Ellen Willis, z”l, “Is There Still a Jewish Question? Why I’m an Anti-Anti-Zionist” (essay originally published in 2003; reprinted online this week by Tablet):
And yet I count myself an anti-anti-Zionist. This is partly because the logic of anti-Zionism in the present political context entails an unprecedented demand for an existing state—one, moreover, with popular legitimacy and a democratically elected government—not simply to change its policies but to disappear. It’s partly because I can’t figure out what large numbers of displaced Jews could have or should have done after 1945, other than parlay their relationship with Palestine and the (ambivalent) support of the West for a Jewish homeland into a place to be. (Go “home” to Germany or Poland? Knock, en masse, on the doors of unreceptive European countries and a reluctant United States?) And finally it’s because I believe that anti-Jewish genocide cannot be laid to rest as a discrete historical episode, but remains a possibility implicit in the deep structure of Christian and Islamic cultures, East and West.

Oren Kessler, “Hamas Lies–and the Media Believed It” (U.S. News):
“It’s the Mideast equivalent of ‘Dog bites man,’ but it took the media nearly a month to recognize its sheer obviousness: Hamas lies.” Continue reading ›

Labels: , ,

Share

Words of the Week

As has been the case lately, I’ve discovered so many words worth sharing that I’m compiling some of the most compelling–and I may be back again with more before this week has ended.

Joanna Chen, “The Silence Within Silence” (Los Angeles Review of Books):
“Yesterday there was a ceasefire. The night before, the booms did not stop. At 3 AM the house shuddered and the walls shook. At 8 AM, as the ceasefire began, silence fell upon the house. I stood at my front door with a second cup of coffee. The cat kept close, curling herself around my bare feet. At 8:05 there was a final crescendo, a deafening boom from the direction of Gaza. A bird lifted into the air, and before I saw the bird I heard its wings beating: one, two, three. I listened to the silence that followed as if I were listening to it for the first time. There are nuances to silence, there are degrees and shades to silence. This was a heavy, ominous one and it lay upon the air the whole day and did not move.”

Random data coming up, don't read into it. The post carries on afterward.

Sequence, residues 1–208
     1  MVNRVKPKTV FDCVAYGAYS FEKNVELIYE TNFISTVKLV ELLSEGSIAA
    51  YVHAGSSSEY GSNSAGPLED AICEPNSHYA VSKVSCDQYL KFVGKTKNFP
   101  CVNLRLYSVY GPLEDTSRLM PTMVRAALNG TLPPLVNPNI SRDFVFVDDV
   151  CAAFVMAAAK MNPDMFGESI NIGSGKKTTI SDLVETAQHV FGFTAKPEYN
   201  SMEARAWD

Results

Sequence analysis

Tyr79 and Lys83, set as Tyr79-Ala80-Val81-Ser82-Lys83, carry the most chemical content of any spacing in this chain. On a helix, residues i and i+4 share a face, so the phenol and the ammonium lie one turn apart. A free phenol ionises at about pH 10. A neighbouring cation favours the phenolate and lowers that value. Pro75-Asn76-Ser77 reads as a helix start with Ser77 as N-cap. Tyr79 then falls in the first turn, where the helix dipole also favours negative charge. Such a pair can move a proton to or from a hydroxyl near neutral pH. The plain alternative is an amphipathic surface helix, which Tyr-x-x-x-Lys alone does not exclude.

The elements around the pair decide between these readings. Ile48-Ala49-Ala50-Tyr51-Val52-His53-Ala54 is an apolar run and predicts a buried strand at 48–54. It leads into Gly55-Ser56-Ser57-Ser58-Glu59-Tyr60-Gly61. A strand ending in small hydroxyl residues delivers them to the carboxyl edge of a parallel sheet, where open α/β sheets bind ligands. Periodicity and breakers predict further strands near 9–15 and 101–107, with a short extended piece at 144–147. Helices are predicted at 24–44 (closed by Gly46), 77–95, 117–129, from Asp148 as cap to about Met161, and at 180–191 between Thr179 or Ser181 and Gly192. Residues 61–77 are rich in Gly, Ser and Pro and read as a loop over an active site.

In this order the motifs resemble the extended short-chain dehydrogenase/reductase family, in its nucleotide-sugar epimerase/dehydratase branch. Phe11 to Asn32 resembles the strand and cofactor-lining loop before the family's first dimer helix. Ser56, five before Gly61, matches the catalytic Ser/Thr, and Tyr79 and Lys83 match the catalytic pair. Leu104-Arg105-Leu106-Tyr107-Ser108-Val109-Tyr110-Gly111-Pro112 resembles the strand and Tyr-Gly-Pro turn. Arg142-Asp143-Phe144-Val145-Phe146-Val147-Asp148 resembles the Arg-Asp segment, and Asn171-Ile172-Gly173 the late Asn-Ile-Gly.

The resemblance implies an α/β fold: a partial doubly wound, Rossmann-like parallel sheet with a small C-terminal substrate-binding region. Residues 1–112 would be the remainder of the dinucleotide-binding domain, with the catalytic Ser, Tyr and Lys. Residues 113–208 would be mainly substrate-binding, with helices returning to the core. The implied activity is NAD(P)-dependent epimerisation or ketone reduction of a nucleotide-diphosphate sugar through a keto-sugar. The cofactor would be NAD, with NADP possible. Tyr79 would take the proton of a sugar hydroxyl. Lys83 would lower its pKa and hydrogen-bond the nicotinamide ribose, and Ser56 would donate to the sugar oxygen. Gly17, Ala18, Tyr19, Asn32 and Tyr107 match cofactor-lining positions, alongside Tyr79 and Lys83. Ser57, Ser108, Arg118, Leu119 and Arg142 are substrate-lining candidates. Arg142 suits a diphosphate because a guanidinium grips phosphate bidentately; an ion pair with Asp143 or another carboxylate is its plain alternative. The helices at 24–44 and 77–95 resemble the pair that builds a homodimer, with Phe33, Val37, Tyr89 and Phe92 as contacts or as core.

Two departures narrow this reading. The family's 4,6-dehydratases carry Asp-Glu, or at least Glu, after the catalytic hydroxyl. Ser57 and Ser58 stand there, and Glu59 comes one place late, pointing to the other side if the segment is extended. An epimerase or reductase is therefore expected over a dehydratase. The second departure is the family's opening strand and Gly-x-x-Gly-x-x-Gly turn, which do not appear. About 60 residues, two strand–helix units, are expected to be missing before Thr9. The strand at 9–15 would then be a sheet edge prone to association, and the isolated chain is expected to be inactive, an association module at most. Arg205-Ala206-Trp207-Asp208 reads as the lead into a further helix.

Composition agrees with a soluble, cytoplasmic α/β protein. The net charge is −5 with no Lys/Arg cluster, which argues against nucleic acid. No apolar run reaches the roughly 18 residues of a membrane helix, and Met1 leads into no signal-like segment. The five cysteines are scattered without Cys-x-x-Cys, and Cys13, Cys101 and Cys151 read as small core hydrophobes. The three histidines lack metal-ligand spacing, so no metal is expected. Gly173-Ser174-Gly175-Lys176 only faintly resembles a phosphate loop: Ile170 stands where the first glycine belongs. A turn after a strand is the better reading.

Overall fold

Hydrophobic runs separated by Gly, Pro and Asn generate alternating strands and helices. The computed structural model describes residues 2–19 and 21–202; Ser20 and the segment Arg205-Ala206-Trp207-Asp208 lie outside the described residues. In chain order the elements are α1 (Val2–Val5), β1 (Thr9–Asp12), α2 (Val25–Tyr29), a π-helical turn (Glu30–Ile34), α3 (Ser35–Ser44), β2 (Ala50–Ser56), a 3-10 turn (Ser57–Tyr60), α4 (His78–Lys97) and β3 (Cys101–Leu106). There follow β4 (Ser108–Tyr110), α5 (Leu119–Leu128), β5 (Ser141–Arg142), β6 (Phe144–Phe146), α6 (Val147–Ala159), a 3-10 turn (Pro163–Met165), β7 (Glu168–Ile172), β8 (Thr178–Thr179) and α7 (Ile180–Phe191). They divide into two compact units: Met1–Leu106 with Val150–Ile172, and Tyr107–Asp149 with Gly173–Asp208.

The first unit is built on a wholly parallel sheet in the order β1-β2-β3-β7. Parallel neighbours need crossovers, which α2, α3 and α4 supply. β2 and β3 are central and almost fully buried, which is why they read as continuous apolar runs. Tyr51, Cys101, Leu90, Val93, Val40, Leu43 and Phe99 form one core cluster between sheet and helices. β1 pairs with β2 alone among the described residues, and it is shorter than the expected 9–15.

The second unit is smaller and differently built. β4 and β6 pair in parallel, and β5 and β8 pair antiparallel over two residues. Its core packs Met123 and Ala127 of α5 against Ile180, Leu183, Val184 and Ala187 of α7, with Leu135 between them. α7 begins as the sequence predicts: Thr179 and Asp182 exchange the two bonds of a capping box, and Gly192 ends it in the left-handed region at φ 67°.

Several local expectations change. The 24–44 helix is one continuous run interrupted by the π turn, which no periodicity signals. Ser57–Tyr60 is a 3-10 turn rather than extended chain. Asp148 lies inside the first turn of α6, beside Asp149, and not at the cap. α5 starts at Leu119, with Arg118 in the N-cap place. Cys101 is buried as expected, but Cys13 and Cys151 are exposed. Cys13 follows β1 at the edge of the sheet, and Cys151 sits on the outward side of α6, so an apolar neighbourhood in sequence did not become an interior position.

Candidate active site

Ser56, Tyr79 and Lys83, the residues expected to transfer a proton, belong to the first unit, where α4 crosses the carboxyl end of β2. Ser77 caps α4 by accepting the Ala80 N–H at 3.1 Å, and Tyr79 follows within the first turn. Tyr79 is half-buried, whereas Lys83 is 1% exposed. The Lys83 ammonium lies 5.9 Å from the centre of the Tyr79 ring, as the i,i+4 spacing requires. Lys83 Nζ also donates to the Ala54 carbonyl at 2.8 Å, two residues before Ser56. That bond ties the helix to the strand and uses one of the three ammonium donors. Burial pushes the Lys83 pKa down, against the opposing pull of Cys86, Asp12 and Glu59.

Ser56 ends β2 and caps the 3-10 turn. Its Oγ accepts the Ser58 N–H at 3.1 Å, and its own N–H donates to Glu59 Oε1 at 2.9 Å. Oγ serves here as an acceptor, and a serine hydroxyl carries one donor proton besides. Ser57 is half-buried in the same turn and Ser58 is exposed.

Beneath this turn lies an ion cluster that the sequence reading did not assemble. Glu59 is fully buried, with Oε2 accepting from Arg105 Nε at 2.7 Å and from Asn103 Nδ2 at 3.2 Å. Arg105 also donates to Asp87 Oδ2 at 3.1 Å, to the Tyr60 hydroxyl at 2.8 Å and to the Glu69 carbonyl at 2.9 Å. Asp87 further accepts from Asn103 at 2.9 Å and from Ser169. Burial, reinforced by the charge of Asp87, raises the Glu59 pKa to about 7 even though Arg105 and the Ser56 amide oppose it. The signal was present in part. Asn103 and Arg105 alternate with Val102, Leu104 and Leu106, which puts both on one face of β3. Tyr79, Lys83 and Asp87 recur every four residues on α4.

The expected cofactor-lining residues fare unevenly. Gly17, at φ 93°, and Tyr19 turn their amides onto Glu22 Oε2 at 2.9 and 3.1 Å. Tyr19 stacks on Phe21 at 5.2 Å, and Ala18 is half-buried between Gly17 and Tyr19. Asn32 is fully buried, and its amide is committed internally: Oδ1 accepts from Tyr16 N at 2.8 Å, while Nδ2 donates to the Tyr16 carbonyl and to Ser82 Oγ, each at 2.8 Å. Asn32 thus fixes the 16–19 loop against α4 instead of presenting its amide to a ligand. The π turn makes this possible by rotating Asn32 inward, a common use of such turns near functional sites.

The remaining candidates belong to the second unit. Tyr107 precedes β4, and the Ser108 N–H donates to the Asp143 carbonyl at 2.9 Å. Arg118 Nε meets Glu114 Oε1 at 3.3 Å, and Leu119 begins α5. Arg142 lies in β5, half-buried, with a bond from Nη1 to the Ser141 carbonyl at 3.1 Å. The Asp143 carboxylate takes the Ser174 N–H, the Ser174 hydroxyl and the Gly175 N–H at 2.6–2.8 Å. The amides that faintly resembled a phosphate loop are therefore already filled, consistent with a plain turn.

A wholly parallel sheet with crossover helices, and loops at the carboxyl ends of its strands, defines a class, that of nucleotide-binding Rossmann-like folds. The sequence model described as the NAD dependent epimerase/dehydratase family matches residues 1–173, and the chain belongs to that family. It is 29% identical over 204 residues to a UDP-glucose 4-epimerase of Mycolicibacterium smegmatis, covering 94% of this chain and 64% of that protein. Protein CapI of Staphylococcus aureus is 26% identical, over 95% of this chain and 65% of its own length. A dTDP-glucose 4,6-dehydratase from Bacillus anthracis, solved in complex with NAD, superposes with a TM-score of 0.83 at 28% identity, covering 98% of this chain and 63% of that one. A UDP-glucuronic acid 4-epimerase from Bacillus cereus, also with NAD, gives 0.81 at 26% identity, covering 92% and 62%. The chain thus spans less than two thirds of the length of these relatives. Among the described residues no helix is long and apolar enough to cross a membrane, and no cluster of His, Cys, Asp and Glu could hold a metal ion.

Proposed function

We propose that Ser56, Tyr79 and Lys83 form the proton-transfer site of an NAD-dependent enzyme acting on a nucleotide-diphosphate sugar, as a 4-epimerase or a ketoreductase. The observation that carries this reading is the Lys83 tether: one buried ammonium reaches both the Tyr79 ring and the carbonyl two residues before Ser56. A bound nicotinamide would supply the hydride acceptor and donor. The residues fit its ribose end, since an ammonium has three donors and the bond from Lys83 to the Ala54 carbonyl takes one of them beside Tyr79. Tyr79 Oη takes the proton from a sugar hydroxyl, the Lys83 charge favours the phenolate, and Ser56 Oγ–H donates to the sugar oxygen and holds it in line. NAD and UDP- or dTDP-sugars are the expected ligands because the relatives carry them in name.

Rachel Delia Benaim, “An Open Letter to Selena Gomez, from Two 12-Year-Old Fans in Southern Israel” (Jewcy):
“Noa’s family has lived in Yad Mordechai since the kibbutz was founded in 1936. They came here to escape anti-Semitism in Europe. They built the kibbutz up with their own hands. They defended it from Egyptian invaders in 1948—there were only fifty kibbutzniks with twenty outdated guns between them, facing hundreds of trained Egyptian soldiers. But the kibbutzniks, Noa’s family, persevered. They then lived in peace with their Arab neighbors in Gaza. Sure, there were tensions and flare-ups, but for the most part they lived in peace. And then just after Noa and Yarden were born, the rockets started.” Continue reading ›

Labels: , ,

Share

Words of the Week, II

Another collection of noteworthy words:

Shimon Ohayon, “No Jews = No Outrage” (The Times of Israel):
“The feigned outrage on the streets of Europe is a peculiar cocktail of hypocrisy, ignorance and above all, hate.”

Noa Tishby, “Artists Without Borders. Or Facts.” (Jewish Journal):
“So if you prefer acting or partying to fact-checking that’s fine, but please just stick to that. With power (and millions of Twitter followers) comes at least some responsibility.”

Jeffrey Goldberg, “What Would Hamas Do If It Could Do Whatever It Wanted?” (The Atlantic):
“People wonder why Israelis have such a visceral reaction to Hamas. The answer is easy. Israel is a small country, and most of its citizens know someone who was murdered by Hamas in its extended suicide-bombing campaigns; and most people also understand that if Hamas had its way, it would kill them as well.” Continue reading ›

Labels: ,

Share